• Broccoli sprouts. I make a new batch every 5 days. Is this the most healthy food on the planet? The 2022 book Life Force by Robbins and Diamandis raved about this food for its potential anti-cancer benefits. Dr. Rhonda Patrick loves sprouts as well and has several videos on YouTube about them.
  • Lentils and legumes. For years after falling for the Paleo lies regarding the evils of legumes, I avoided them. Then when I reintroduced the food, I got bloated. The key to restoring the gut is to start with lentils and use smaller portions. Soak all other beans overnight. Rinse the soak water. Use an Instant Pot. Ease into beans like easing into a new workout routine. Go slow. Legumes are dirt cheap and healthy.
  • Fat-free Greek yogurt. I add blueberries and a small amount of vanilla protein powder.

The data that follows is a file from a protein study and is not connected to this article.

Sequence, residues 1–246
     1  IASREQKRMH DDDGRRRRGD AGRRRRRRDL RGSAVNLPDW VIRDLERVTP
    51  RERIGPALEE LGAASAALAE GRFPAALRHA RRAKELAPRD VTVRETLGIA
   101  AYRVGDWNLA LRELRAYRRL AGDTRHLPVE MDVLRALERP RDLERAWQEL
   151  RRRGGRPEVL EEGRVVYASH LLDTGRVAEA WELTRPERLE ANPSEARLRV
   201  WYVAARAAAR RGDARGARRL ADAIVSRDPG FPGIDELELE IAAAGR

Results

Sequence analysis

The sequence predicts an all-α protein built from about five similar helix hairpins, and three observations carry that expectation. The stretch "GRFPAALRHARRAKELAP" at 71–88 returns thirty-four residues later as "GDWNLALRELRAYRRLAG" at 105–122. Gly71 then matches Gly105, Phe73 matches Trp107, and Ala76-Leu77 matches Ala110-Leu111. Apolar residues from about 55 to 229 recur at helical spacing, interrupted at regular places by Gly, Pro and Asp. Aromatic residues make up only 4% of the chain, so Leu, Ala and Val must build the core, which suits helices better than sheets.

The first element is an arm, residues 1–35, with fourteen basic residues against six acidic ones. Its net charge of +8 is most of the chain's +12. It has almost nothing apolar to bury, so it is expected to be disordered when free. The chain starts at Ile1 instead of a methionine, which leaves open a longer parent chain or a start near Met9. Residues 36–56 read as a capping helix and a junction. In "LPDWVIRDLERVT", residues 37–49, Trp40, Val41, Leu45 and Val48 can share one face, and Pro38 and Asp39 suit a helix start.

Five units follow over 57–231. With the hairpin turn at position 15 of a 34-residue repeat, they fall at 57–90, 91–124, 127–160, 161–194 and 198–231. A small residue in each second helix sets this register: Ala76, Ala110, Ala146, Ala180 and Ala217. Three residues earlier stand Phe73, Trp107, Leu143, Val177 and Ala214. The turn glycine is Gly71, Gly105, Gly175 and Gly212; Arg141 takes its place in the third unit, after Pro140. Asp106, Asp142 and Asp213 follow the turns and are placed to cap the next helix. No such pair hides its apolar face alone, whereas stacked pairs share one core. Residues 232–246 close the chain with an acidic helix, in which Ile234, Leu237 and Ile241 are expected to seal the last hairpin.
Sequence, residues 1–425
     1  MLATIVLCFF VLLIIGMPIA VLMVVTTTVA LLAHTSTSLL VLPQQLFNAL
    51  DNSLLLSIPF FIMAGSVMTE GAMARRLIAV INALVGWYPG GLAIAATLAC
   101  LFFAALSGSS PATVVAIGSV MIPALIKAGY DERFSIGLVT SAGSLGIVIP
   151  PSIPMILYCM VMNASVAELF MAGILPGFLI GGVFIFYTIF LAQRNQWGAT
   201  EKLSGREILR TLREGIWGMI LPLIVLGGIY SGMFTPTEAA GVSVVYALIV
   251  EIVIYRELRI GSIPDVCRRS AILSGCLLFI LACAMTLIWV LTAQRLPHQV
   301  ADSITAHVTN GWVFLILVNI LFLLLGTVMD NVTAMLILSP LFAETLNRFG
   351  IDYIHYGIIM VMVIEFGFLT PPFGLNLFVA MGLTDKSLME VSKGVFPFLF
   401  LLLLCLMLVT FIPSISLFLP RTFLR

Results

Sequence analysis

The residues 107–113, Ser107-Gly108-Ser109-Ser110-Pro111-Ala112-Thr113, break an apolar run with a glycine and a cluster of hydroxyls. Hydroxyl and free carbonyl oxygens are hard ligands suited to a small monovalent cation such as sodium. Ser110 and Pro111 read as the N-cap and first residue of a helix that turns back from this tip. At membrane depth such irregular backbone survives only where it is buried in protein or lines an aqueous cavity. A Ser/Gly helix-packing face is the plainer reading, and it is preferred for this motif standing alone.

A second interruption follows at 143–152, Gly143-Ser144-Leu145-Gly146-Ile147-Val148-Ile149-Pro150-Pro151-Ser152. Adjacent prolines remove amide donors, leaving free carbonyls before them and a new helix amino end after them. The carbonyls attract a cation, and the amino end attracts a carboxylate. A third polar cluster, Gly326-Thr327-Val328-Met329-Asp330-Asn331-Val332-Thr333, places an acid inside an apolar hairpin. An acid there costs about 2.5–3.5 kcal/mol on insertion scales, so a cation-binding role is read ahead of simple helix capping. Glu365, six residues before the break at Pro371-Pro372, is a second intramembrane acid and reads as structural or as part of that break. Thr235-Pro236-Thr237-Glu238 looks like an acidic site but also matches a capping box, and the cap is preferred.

• My ugly protein shake with chia seeds and more. This is a nutrient-dense shake in the spirit of Bryan Johnson’s Blueprint.
  • Quinoa, steel-cut oats, buckwheat grouts. These GF grains cook up great in the Instant Pot. I add veggies, lean protein, and hot sauce to the quinoa and buckwheat. I add blueberries and protein powder to the oatmeal.
  • Chicken breasts. I went from consuming almost no chicken to having chicken breasts a few times a week. These are protein bombs with very little fat. Old school bodybuilders wisdom for the win.
  • Kimchi. Every day.
  • Raw carrots. The Ray Peat followers will approve of this.
  • Apples.
  • Tofu. Ignore the lies regarding soy and testosterone. I used to believe them myself. There are countless smart people in recent years who have debunked these myths.
  • Green onions and cilantro. I cut these up almost daily and add them to my soups or “Budda bowl” dinners.